"Grace" is about an elderly woman who can't remember what day it is and who continually breaks into tears. She needs help dressing and eating. Her eyes often have the look of an animal caught in a trap.
One of the few things she connects with are the lyrics, "Jesus loves me this I know/ 'Cause the Bible tells me so." She sings it with the voice of a child.
"Grace," which airs at 10 tonight on MPT, is one of the greatest love stories you are ever going to see on TV -- anywhere on TV. That's not exaggeration.
The documentary is another exquisitely touching effort from local filmmakers Susan Hadary-Cohen and William Whiteford, whose most recent film, "Marge and Walter," won numerous awards. "Grace" is the story of Grace Kirkland, a victim of Alzheimer's disease; it chronicles 10 years of her life and the ravages of the disease.
But that's only half the story. The other half is about Glenn Kirkland, her husband, a former physicist at the Johns Hopkins University. Their relationship forms the love story.
During the course of the film, we see Glenn retire from teaching and become a full-time caregiver for his wife. We see him dress her, paint her fingernails, play tic-tac-toe with her even though she can no longer remember how to play. We see him hold her hand to calm her fears as she sits for a home haircut and hug her when hand-holding isn't enough.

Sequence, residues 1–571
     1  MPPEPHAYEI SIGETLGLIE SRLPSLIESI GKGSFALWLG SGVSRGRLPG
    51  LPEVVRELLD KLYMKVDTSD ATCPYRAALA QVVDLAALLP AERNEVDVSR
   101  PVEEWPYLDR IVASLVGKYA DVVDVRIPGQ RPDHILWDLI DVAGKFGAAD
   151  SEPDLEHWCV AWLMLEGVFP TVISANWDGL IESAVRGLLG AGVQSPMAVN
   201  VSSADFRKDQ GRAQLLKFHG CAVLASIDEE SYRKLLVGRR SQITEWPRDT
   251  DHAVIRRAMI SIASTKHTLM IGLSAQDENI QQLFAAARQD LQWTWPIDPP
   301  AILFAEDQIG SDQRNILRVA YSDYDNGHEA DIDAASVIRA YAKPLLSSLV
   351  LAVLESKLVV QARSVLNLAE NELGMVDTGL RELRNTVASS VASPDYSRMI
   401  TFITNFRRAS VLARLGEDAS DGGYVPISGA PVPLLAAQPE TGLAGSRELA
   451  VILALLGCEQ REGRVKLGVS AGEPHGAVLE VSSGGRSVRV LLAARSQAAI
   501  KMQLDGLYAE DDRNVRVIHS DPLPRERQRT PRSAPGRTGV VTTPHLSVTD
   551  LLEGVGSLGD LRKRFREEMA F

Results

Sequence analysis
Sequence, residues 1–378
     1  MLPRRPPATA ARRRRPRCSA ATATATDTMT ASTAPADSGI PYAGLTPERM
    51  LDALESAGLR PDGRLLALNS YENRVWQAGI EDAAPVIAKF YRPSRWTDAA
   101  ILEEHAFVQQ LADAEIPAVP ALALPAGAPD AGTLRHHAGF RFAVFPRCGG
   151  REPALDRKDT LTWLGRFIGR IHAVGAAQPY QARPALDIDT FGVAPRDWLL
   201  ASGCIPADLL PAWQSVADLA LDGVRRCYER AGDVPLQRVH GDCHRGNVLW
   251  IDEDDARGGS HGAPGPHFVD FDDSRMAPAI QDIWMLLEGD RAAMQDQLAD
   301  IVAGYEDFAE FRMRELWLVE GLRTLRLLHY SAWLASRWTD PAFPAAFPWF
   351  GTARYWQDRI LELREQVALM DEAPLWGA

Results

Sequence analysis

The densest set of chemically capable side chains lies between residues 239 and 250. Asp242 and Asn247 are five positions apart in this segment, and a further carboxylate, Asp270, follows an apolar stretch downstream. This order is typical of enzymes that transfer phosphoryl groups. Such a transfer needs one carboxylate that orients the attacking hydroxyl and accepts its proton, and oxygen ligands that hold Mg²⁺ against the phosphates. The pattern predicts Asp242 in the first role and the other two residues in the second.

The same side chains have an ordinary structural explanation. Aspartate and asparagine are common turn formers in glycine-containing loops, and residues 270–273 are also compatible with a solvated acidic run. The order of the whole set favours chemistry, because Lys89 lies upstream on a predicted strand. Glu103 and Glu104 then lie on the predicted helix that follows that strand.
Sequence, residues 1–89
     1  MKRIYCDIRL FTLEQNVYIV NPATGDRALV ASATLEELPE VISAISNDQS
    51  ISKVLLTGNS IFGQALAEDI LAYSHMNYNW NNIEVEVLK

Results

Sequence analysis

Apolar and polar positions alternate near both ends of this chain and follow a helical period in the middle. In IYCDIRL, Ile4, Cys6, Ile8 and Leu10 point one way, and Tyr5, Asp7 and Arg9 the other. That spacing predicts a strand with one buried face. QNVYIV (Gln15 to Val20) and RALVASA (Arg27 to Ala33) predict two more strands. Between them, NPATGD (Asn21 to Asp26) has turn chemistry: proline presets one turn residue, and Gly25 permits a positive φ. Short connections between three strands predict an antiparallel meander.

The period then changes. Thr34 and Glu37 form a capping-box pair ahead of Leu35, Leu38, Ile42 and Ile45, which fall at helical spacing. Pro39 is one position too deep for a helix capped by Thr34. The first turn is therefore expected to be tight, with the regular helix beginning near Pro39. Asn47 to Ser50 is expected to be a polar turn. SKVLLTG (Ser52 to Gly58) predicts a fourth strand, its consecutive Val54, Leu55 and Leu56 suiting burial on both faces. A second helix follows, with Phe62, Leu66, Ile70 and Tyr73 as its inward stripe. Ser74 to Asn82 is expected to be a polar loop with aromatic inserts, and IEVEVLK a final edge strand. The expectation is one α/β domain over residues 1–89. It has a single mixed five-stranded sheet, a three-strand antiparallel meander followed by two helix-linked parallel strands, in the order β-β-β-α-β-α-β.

There are moments in this film that distill emotion so well they should be freeze-framed and hung on the wall. One such scene occurs at the Inner Harbor during an outing. The couple is eating a picnic lunch on a bench when a magician comes along. Notice the look of joy and wonder in Grace's eyes as the magician makes a handkerchief appear in Glenn's shirt pocket. Compare it to the look of fear in her eyes on their first visit to a foster day-care home.
The final scene at Grace's funeral -- as the Presbyterian choir sings "Amazing Grace" -- is simply overwhelming. The cut from a close-up of Glenn's face to a montage of the life he shared with Grace will break your heart -- especially the snapshot of them as young and very-much-alive newlyweds in a relaxed moment.
The film is so good it hurts to watch. But stay with it. "Grace" offers one of the most rewarding and ultimately uplifting experiences TV is capable of delivering.